I’ve always liked Peter. Though outspoken and impulsive in the three years he walked with Jesus, he seemed a different man after he denied knowing Him, and then after an alive Jesus welcomed him back to the fold. He seemed more reflective. More introspective. Maybe there was no one who understood grace more than Peter. Maybe every day he lived and breathed the reality that the worst he could do still found him loved and pursued, believed in and appointed by the One who had every reason to despise him.
The story goes that as Christian persecution increased in Rome in the 1st century, Peter left making his way outside the city walls, into the countryside—a countryside that would later be carved into to hold the tombs of followers of the Way. There, Peter had a vision of Jesus walking towards Rome.
“Domine quo vadis?” “Lord, where are you going?” Peter asks Him.
“To Rome, to be crucified again.” Jesus responds.
Tradition says, right there, Peter decides to return with Jesus. To turn back towards the city and the Caesar and that would ultimately ask for his life. It’s a stark contrast from the scene around the fire inside the walls of Jerusalem on the night of Jesus’ death years earlier, where talking to a young girl, Peter frustratingly insists, he does not know Jesus. The quo vadis story tells of Peter’s conversion more clearly than any other I know.
“Where are you going Lord?” he seems to say, “because this time, I am going with you.”
There is a church outside the walls of Rome. It doesn’t have any marble or travertine. There are no looming columns and impressive statues. It is simply four faded red stucco walls making an unimpressive building at the intersection of three cobblestone streets. It is the Church of Quo Vadis. Inside is a stone imprinted with what is said to be the footprints of Peter from when he saw the vision of Jesus as He returned to the seat of the Empire.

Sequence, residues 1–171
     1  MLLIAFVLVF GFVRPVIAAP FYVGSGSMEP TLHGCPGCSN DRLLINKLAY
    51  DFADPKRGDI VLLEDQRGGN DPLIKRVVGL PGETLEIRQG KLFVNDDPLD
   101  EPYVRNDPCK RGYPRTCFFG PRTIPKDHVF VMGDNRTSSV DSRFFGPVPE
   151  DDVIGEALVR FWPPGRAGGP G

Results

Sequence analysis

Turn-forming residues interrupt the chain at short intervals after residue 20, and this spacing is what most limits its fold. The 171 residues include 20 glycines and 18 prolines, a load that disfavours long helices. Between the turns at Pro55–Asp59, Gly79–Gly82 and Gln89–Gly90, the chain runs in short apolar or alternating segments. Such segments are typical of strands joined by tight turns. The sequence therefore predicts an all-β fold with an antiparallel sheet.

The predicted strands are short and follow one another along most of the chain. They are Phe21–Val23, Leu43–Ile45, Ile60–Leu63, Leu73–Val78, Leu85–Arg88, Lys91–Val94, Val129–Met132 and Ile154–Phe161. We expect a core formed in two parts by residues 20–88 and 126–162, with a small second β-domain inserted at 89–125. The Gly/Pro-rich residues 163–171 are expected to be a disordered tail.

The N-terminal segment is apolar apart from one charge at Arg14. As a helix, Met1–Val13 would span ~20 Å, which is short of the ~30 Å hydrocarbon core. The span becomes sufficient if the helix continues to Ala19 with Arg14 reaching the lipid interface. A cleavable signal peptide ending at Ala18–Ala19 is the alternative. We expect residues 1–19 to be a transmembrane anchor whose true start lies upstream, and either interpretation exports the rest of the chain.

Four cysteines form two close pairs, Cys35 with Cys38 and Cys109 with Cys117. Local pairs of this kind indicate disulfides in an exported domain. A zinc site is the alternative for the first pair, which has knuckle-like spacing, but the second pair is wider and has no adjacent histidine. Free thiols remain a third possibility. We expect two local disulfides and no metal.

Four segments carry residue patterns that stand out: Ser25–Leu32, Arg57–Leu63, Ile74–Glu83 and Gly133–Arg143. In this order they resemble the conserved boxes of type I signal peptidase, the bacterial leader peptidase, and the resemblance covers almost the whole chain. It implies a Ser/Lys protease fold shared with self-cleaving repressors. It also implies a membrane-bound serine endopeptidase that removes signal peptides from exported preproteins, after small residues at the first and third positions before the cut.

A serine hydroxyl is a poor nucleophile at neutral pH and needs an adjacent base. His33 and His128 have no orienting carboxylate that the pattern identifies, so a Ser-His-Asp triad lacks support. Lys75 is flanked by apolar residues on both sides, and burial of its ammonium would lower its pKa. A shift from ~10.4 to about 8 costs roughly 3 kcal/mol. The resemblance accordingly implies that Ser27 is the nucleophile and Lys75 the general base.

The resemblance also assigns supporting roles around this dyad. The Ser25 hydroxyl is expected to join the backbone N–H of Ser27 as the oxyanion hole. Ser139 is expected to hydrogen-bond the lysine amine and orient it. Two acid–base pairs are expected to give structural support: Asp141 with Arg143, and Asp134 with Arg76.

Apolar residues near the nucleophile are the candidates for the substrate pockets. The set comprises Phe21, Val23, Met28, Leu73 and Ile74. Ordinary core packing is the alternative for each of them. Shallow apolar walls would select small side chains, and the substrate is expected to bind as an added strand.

More than any other historical marker or significant building, even more than St. Peter’s basilica itself, this church impressed me. Rome is a city of power come and gone. The Church Quo Vadis outside the ancient walls, of a spirit alive and well. Rome is a city engraved with the works of men trying to leave a mark on the world, to be remembered. But the Church Quo Vadis is in honor of a man who came from humble beginnings. Who died a humble death, who knew monuments do not memorialize a man. A life well lived, a death well died does that for you. And his memory lives on more familiar than most Caesars. A testament to faith, and not to might. I get the feeling this is the kind of church Peter would have liked. One that invites its visitors not to revere the man, but bids them ask themselves the same question Peter asked Jesus,
“Where are you going Lord?”
And then offers quiet enough for those standing where Peter stood, surrounded by the ancient tombs of Christians willing to risk it all for a subversive power at the cost of their lives, to answer for themselves.
Peter, eventually, decades after the first invitation to go and die, and his denial and refusal, decided fleeing Rome would cost him more than staying. So, he returned. He died. And now a church remains. A church named Quo Vadis and a universal Church Jesus promised would outlive and outlast Caesar’s and empires, kings and kingdoms and everything in between.